Linux creator no fan of new GPL license

Linus Torvalds continues to question the need for GPLv3

Linus Torvalds, the creator of Linux, remains unimpressed with a proposed update to the license that governs the open-source operating system and has no plans to adopt it for the Linux kernel.

The Free Software Foundation Inc. (FSF) issued the second draft of the GNU general public license version 3 (GPLv3) last week. After a period of public debate and feedback on the initial draft, released in January, it was substantially rewritten to tone down and clarify the relationship between free software and DRM (digital rights management) technology.

Following the January release of GPLv3 Draft 1, Torvalds stated publicly that he didn't expect the Linux kernel, a key component of the operating system, would move to GPLv3 given the limitations of the proposed DRM provisions. His position hasn't changed after reviewing the new second draft.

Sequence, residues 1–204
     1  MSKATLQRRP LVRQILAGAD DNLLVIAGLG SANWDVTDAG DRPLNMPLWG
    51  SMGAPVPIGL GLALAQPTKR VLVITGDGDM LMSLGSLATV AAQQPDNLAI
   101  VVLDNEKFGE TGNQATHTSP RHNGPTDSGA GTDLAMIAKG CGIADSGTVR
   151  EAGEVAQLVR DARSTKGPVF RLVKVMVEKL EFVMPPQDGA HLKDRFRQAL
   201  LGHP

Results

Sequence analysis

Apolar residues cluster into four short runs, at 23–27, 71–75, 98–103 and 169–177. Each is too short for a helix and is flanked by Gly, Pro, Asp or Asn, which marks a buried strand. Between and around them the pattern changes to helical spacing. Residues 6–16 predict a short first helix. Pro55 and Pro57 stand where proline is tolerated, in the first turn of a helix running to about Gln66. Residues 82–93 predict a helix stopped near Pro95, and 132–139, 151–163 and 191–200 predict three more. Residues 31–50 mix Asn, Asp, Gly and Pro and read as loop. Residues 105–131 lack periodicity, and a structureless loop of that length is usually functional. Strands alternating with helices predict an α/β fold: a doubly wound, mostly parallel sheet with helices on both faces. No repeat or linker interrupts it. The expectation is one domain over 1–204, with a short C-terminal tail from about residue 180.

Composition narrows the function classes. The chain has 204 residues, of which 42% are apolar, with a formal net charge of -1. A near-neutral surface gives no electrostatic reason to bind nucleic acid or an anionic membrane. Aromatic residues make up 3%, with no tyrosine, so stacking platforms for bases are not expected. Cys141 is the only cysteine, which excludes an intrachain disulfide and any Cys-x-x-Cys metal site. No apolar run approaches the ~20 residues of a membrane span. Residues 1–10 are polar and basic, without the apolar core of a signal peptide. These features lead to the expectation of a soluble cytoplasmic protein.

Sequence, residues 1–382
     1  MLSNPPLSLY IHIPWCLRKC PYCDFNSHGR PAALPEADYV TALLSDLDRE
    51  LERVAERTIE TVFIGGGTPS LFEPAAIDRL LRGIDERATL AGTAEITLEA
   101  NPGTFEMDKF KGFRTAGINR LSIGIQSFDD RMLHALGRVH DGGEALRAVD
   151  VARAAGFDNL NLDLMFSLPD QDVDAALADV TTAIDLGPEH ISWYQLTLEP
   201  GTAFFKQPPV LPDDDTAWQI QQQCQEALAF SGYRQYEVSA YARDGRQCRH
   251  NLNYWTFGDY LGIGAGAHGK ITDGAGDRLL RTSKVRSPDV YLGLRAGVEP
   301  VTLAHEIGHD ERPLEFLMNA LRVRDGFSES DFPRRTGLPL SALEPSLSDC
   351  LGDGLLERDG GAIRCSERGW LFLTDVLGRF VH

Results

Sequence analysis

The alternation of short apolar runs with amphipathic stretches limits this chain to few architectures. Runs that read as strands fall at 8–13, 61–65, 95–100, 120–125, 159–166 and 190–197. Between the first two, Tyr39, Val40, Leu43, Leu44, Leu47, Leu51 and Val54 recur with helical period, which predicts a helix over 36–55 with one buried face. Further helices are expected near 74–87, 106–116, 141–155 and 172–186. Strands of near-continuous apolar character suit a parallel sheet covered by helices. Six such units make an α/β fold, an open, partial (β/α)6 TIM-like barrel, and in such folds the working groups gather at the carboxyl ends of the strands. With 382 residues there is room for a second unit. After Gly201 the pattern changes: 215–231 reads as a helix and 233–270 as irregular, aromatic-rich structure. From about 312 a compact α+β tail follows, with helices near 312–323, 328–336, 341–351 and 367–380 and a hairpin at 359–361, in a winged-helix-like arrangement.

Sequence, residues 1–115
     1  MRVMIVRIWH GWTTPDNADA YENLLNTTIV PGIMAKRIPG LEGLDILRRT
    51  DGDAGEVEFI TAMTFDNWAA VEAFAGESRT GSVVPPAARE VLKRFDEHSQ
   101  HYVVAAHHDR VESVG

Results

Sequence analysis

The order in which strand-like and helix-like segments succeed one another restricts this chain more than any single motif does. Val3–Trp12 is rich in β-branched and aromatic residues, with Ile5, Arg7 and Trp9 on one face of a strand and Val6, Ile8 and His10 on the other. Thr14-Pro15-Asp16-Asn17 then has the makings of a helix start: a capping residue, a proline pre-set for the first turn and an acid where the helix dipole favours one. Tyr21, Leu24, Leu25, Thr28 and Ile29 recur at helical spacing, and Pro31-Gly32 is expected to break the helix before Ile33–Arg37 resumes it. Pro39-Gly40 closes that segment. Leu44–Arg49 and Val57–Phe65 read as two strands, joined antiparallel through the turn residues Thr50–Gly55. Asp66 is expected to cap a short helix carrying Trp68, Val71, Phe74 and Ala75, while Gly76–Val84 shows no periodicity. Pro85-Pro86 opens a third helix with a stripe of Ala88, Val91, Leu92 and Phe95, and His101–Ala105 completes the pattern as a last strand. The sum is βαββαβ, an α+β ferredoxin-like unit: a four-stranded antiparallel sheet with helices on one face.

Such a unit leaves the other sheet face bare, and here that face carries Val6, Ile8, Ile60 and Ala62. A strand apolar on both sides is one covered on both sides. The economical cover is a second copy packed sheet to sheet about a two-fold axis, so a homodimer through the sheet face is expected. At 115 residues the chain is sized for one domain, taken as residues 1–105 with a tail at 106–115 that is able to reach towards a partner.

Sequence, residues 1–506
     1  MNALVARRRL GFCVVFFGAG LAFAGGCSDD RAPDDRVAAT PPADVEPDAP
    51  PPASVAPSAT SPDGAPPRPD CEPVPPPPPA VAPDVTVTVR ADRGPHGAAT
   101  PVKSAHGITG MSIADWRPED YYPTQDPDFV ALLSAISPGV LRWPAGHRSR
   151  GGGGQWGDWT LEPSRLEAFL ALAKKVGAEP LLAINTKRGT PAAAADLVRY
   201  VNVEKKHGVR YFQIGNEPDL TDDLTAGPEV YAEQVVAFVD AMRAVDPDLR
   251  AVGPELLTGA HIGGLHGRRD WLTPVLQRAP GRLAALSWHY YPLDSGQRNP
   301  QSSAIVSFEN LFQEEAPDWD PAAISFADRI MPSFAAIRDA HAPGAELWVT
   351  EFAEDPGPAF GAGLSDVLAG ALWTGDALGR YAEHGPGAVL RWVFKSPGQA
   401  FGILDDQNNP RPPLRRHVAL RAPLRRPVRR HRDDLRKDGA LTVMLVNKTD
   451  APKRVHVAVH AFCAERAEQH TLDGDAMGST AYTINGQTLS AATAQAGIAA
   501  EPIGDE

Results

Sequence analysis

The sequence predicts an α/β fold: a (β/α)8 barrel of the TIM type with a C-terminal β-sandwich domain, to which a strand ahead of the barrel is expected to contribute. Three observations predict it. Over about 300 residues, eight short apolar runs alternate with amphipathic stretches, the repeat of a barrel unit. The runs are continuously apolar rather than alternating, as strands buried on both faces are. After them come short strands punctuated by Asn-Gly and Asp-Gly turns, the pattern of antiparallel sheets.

"I don't actually see any real fundamental changes there, and it all seems to boil down to the same meaning in the end," Torvalds wrote in an e-mail interview. "The FSF is trying to make some things no longer permissible under the GPLv3 that the GPLv2 left open, and I just happen to think that those things were better off being left open."

The second draft of GPLv3 doesn't forbid the implementation of digital rights management features outright, but instead prohibits third parties from employing technical means to limit users' abilities to use or modify software covered by the GPL.

Torvalds continues to question the need for GPLv3, which will be the first major revision to the license in 15 years.

"I think the main issue to be resolved is just who wants the GPLv3 in the first place, and I think that will be for each project to decide," he wrote.

Copyright © 2006 IDG Communications, Inc.

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